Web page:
Old Whig just so happens to be the same appellation the founding father of conservatism, Edmund Burke, used for himself — as Hayek approvingly notes several times.

More important, the conservatives in “Why I Am Not a Conservative” aren’t even the ones Nick has so many problems with. Hayek was referring to the conservatives of the European tradition (de Maistre, Coleridge, et al), and he was a great deal more generous even to them than the folks at Reason are to the American conservatives of today.

Which is a shame because, as I pointed out in my column last Wednesday, Hayek argued that United States was the one place in the world where you could call yourself a “conservative” and be a lover of liberty — because we want to defend those institutions which preserve it. And that’s why — despite a lot of propaganda from the folks at Reason — most conservatives are closer to classical liberals than a lot of Reason-libertarians.

Cultural Libertarians, Again
And that gets us, finally, to the meat of our disagreement. I say “cultural libertarians” are people unwilling to draw value judgments between various personally defined lifestyle choices, or “personal cultures.” In response, legions of libertoids cry: “Not fair!” “You’re talking about ‘libertinism,’” say some. “Libertarians are just unwilling to use the state to coerce others into subscribing to our value judgments,” say all.

Again, fine, fine — I get it. But I’m also not talking about most of the people who read my column and refer to themselves as libertarians. Most of these folks are fairly conservative people; they want a smaller government, and, hey, so do I. That’s why I put the word “cultural” in front of the phrase in the first place. I’m beginning to think we should simply call such people “anti-state conservatives” and let the Reason types have the “singularly unattractive” label of “libertarian” all to themselves.

The people I am talking about are people like Nick Gillespie and the chirping sectaries on these various blog sites. These people quite proudly proclaim that maximizing individual liberty, and minimizing coercion by the state or the culture, is their mission. It’s shouted from the rooftops in just about every issue of Reason. In fact, it’s odd that Virginia cites Nick’s rejoinder as the best so far — for a number of reasons, among them that he more or less concedes the lion’s share of my argument. Nick concedes that he wants to maximize the “right to exit from systems that serve them poorly.”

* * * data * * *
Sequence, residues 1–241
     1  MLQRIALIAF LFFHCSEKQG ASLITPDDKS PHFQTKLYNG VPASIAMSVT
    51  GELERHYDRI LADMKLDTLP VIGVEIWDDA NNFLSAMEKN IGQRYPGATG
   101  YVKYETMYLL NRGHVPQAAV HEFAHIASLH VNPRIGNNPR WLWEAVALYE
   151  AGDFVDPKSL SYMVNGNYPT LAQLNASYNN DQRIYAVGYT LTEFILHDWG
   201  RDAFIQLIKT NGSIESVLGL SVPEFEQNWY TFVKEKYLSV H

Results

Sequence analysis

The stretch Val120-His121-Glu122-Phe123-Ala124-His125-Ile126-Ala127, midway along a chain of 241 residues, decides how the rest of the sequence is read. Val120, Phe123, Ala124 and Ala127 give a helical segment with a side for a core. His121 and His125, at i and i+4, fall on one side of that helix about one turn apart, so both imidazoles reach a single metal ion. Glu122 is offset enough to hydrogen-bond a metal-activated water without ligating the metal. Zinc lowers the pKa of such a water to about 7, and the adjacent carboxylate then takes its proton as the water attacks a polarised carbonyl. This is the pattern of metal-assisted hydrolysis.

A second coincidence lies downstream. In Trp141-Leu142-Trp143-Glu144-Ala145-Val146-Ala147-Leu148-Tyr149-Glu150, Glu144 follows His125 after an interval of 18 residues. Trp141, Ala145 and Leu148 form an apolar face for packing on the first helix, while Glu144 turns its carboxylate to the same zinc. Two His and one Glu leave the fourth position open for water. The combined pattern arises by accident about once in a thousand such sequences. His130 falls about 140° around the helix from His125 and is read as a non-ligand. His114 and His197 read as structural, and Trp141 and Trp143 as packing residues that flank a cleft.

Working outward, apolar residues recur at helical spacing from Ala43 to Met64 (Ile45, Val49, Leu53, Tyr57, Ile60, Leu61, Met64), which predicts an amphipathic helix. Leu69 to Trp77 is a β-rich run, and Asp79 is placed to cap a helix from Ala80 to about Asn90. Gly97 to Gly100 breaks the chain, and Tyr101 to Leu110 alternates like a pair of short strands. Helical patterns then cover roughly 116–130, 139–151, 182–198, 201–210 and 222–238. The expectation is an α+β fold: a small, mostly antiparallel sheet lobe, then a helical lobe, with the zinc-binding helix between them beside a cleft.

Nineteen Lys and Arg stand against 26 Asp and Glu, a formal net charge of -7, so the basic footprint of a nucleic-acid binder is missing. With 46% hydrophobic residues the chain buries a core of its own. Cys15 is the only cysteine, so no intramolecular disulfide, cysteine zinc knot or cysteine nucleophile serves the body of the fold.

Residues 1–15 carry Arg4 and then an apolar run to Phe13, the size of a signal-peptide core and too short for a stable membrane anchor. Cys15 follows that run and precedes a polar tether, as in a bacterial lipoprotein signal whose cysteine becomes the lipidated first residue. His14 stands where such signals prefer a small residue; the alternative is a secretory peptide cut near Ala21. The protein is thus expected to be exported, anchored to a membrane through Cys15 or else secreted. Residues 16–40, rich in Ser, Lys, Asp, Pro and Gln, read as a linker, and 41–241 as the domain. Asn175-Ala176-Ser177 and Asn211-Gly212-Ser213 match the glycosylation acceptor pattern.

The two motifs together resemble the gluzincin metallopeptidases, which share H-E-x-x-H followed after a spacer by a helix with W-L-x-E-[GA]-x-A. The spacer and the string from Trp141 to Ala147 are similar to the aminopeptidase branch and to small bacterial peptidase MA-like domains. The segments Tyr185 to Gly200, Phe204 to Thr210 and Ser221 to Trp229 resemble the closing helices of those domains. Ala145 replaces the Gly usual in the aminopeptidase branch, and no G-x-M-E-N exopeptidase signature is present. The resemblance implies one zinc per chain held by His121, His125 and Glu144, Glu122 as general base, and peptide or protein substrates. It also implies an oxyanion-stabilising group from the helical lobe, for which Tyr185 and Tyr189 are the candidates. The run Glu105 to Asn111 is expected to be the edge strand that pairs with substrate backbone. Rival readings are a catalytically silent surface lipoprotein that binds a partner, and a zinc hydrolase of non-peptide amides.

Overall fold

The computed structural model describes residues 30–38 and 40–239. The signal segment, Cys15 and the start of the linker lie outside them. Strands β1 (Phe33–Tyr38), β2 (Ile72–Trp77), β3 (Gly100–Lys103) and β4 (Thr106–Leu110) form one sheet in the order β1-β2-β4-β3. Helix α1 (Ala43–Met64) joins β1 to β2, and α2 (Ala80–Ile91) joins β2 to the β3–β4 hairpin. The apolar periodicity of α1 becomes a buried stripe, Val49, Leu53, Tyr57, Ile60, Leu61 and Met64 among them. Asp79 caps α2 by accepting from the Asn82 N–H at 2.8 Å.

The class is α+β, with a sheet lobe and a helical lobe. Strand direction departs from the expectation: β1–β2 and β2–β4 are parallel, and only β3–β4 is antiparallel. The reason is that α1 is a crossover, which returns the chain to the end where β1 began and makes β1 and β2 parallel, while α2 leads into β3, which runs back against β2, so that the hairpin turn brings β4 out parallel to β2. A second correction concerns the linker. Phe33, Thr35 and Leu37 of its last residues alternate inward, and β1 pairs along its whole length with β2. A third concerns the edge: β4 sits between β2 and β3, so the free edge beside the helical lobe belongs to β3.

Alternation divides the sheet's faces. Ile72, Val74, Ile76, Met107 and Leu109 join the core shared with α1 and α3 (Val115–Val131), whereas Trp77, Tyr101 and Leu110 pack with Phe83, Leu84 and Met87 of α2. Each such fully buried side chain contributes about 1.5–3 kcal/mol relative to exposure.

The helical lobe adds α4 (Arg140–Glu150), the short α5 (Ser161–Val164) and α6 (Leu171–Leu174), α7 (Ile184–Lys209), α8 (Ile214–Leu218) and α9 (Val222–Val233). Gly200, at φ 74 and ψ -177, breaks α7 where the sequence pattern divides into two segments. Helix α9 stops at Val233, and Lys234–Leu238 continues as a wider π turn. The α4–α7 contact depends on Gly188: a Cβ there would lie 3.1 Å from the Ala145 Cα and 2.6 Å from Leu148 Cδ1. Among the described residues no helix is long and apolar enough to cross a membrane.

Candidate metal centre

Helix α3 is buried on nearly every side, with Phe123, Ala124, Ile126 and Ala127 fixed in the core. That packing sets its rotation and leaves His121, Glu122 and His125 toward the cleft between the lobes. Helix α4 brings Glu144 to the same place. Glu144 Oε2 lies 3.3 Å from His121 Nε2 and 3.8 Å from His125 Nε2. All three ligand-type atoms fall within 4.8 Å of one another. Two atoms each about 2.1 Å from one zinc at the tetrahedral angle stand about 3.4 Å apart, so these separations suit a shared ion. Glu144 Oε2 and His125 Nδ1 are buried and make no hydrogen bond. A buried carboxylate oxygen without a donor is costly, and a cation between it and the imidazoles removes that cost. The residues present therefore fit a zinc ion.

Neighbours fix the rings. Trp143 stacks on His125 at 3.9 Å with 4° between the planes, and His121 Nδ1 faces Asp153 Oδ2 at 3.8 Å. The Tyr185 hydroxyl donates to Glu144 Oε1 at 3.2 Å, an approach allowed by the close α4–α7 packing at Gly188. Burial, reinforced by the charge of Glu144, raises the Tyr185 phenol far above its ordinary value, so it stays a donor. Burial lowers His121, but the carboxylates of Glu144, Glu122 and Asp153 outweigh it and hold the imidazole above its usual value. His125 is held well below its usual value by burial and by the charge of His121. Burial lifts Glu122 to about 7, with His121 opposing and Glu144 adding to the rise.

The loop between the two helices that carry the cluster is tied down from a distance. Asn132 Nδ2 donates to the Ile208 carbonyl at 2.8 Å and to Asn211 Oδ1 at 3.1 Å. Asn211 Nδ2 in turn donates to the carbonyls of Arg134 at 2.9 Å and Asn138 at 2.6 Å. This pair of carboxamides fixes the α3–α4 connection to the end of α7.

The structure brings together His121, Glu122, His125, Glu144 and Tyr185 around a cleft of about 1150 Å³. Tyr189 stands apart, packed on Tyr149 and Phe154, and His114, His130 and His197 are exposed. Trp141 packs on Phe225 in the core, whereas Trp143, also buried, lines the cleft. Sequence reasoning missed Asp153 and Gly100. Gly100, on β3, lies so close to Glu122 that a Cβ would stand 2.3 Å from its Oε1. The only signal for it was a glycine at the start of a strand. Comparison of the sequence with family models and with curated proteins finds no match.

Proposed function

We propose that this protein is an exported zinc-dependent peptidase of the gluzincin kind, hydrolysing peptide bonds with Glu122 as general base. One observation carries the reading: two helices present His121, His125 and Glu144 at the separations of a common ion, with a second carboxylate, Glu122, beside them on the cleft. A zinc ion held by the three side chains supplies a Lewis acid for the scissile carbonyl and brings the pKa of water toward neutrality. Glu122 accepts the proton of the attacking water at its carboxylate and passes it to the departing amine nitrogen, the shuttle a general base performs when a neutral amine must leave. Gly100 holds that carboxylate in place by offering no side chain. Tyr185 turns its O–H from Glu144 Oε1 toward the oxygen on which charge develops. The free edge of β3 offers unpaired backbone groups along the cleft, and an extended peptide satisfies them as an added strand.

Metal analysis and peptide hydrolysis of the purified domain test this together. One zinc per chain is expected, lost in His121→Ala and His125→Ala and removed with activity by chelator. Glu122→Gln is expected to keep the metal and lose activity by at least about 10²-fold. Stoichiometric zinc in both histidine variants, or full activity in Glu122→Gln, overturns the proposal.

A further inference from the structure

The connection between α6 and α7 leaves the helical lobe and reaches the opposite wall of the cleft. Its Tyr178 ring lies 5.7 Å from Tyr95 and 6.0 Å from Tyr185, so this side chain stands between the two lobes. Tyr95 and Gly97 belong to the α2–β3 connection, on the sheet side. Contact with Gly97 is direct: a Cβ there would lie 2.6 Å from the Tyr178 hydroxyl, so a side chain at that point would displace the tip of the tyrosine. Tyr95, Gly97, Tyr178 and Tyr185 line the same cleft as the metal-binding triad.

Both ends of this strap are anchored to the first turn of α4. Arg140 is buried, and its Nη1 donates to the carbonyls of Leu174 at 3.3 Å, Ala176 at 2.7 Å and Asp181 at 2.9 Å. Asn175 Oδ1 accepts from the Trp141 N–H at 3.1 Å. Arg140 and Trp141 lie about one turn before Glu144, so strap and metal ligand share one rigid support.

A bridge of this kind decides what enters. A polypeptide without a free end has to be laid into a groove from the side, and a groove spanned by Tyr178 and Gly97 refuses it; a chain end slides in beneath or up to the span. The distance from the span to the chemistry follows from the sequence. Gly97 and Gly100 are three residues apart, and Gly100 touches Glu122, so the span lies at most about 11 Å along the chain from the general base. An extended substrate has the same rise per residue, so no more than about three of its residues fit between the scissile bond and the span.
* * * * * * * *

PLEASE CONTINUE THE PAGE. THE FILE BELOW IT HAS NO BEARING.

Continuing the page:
Porn Versus Christianity
Take this porn thing. Virginia is fighting mad at me for writing that she won’t draw distinctions between pornography sales and Christian-bookstore sales. But she admits that she has no opinion on the issue, and concedes that many of my libertarian critics think Christianity, even in a liberal order, is a “bad thing.” Meanwhile she also raves about this fellow Will Wilkinson who, according to Virginia, “makes the good (and obvious but not to Jonah) point that ‘If you ask whether porn or Christian books are better, you have to ask “better in what respect?”’” “Goldberg owes us moral arguments against porn… if he wants to be taken seriously.”

Touché, I suppose. But doesn’t this make my point? Cultural libertarians are uncomfortable with, and quite defensive about, drawing distinctions between such bedrock components of Western civilization — in this case a little thing called “Christianity” — and the latest installment of On Golden Blonde. According to these guys, the burden is on me to explain why and how porn is worse than Christianity. I’d be glad to do it sometime (though I’m hardly an anti-porn zealot); it doesn’t sound too tough.

Meanwhile, let’s stay on track. Cultural libertarians, as Nick readily concedes, don’t “blindly respect ‘established authority’ the way conservatives tend to.” The “blindly” is, of course, a cheap shot, but we’ll let it go. That’s my point. We’re not talking about the state here; we’re talking about the culture — the thousands of ingredients which, in various amounts, combine to form the recipe for Western civilization generally and American culture specifically.